Czech Public Defender of Rights recommends 10 measures to improve Romani integration into mainstream schools with non-Romani children
The Office of the Public Defender of Rights in the Czech Republic, Anna Šabatová, has put together a list of 10 measures for the improved integration of Romani children into mainstream schools together with non-Romani children, such as improving the preparation of teachers for leading ethnically diverse collectives or balancing pupil enrollments so as to make sure collectives with equal representations of non-Romani and Romani pupils are created in the schools. Veronika Bazalová of the Office of the Public Defender of Rights communicated the list to the Czech News Agency on 12 December.
The 10 measures are:
1) Achieve high-quality preschool education of non-Romani and Romani children together.
2) Set up school districts in an appropriate way.
3) Accompany or transport pupils to schools that are farther away (using school buses) with the aim of achieving an equal representation of non-Romani and Romani pupils attending the schools on a particular municipality's territory.
4) Convince school managements that educating all children together is meaningful and have them expressly declare this in their own education programs for the school.
5) Prepare teachers well to work with ethnically heterogeneous classroom collectives through continuing professional education, sharing good practices between schools, internships at schools, and mentoring.
6) Provide the aid of other school staffers with such preparations, both non-pedagogues and pedagogues, including teaching assistants, social educators, school assistants, mediators, and support entities outside the school in its locality.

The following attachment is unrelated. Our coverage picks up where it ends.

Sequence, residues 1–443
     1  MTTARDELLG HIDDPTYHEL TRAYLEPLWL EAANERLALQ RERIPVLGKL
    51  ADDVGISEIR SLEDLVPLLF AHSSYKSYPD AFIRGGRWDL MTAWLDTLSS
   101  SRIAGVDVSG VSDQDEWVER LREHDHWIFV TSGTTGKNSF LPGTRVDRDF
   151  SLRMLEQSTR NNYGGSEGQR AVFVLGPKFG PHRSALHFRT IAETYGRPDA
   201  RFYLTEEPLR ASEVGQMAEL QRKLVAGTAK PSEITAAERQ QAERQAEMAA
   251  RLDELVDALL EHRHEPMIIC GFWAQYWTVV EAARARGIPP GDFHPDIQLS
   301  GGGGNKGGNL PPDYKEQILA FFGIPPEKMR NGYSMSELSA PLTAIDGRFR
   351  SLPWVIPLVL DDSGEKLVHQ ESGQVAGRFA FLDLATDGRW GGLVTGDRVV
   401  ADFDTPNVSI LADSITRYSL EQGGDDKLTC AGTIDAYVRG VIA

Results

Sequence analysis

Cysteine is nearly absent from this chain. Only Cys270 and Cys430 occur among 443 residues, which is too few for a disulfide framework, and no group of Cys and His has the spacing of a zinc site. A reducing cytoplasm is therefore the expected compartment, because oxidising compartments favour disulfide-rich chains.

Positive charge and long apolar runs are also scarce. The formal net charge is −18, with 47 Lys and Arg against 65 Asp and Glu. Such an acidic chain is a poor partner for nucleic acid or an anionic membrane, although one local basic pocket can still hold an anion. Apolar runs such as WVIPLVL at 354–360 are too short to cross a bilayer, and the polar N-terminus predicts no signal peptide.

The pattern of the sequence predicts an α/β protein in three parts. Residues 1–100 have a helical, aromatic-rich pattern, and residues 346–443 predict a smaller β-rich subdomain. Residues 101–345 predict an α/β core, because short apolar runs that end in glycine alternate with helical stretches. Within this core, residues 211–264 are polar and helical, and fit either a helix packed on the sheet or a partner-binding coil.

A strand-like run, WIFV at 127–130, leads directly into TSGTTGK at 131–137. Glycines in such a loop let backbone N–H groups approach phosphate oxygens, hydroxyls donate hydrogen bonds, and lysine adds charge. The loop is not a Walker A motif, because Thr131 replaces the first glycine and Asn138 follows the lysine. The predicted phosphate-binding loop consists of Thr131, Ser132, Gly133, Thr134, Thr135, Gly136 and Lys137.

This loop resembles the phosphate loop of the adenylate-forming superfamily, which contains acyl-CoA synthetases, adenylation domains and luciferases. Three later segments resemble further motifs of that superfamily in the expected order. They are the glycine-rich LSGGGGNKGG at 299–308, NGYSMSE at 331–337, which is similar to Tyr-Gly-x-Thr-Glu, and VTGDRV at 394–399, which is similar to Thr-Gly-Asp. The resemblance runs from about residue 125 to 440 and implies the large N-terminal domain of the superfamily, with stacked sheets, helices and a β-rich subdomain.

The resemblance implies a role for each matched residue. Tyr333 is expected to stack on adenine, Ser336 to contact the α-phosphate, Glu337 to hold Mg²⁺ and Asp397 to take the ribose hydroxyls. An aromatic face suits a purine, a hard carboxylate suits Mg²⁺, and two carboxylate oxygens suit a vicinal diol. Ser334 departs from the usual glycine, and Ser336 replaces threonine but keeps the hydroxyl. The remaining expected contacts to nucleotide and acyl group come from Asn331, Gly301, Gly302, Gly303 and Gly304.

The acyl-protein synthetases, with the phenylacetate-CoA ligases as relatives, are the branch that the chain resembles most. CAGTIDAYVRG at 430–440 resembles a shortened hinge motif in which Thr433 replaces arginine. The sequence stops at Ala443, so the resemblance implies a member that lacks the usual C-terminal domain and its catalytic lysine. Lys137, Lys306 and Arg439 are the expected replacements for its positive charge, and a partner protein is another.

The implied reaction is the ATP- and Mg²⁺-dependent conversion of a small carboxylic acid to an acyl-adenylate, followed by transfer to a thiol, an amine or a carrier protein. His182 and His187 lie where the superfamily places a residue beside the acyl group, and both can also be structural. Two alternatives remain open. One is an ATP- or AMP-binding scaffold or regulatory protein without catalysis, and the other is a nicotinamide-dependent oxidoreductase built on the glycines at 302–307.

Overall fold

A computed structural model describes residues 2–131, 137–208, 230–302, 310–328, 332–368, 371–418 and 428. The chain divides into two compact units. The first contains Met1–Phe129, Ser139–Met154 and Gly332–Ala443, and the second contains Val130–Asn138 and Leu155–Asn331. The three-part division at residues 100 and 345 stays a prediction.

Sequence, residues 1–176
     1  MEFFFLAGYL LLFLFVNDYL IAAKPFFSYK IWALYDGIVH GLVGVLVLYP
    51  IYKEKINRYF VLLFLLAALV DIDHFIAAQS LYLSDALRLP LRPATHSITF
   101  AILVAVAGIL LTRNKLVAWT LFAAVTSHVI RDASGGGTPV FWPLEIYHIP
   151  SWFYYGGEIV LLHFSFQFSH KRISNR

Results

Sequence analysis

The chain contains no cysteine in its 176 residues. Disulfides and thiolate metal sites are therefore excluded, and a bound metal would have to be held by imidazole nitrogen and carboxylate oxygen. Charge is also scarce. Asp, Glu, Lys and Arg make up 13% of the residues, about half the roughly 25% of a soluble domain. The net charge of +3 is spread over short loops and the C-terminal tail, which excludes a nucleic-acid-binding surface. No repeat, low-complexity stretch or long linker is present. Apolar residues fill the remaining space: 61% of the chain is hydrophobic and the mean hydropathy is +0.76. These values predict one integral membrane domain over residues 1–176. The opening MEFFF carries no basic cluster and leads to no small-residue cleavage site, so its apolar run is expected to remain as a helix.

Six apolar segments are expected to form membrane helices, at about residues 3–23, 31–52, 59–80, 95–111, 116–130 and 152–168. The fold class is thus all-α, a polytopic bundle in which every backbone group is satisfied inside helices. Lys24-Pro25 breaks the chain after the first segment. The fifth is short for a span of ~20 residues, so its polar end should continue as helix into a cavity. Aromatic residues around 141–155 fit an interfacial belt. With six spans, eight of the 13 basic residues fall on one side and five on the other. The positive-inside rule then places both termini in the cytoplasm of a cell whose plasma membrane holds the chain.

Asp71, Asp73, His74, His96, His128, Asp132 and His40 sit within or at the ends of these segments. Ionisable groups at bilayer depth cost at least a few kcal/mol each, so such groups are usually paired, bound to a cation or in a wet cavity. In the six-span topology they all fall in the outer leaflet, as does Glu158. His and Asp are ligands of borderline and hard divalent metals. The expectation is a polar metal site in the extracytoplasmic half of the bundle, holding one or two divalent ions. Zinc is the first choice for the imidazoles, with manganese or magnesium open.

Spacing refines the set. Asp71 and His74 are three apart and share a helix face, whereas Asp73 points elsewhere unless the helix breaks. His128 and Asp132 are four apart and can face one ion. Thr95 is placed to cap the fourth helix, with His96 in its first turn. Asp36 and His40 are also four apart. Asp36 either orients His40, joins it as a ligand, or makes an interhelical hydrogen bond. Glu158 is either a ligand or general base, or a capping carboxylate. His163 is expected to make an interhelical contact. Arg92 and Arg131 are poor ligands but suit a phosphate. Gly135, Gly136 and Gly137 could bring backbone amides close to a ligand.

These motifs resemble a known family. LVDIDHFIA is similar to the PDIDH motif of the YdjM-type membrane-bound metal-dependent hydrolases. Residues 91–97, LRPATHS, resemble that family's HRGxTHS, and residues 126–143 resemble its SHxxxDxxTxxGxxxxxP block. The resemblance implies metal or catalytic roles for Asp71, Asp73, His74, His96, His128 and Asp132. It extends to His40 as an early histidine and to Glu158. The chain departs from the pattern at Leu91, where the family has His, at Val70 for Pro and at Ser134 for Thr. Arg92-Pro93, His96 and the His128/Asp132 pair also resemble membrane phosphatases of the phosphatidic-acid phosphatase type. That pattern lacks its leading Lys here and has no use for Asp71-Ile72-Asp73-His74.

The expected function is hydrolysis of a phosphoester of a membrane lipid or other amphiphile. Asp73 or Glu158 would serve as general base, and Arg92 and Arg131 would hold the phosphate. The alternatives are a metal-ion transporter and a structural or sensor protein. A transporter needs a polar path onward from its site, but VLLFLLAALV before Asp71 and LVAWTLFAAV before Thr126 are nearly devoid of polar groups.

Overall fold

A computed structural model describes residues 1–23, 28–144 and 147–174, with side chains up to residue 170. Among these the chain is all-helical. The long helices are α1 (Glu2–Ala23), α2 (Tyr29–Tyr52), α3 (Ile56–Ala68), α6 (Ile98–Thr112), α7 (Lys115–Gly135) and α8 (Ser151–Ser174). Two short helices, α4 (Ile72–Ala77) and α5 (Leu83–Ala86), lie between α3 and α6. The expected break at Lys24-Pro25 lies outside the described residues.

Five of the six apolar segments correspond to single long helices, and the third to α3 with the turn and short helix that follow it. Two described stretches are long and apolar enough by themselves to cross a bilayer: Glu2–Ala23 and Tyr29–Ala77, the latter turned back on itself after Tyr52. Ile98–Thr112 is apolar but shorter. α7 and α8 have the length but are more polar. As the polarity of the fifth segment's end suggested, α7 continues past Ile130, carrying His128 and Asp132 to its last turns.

7) Create opportunities for non-Romani and Romani families to encounter each other in the schools with the aim of improving inter-ethnic relations.
8) Provide mentoring and tutoring to pupils in need of it.
9) Prevent bullying and establish a climate of friendship in the school.
10) Aid impoverished families with meeting the financial costs of their children's compulsory education.
Bazalová said the Office of the Public Defender of Rights performed a survey this year and investigated the problems happening in 10 schools that have experience with educating Romani pupils, finding that principals frequently feel helpless when their schools are attended almost exclusively by Romani children. While the principals themselves are not solely to blame for such situations, they are unable to resolve them on their own even when they do actually attempt to do so, the Office of the Public Defender of Rights found.
Measures that could lead to improving principals' situations, according to the Public Defender of Rights, need to be undertaken by the Education Ministry and school establishers. On the basis of the survey, the Public Defender of Rights prepared recommendations for the different stakeholders involved that could improve the situations of Romani children in the Czech education system.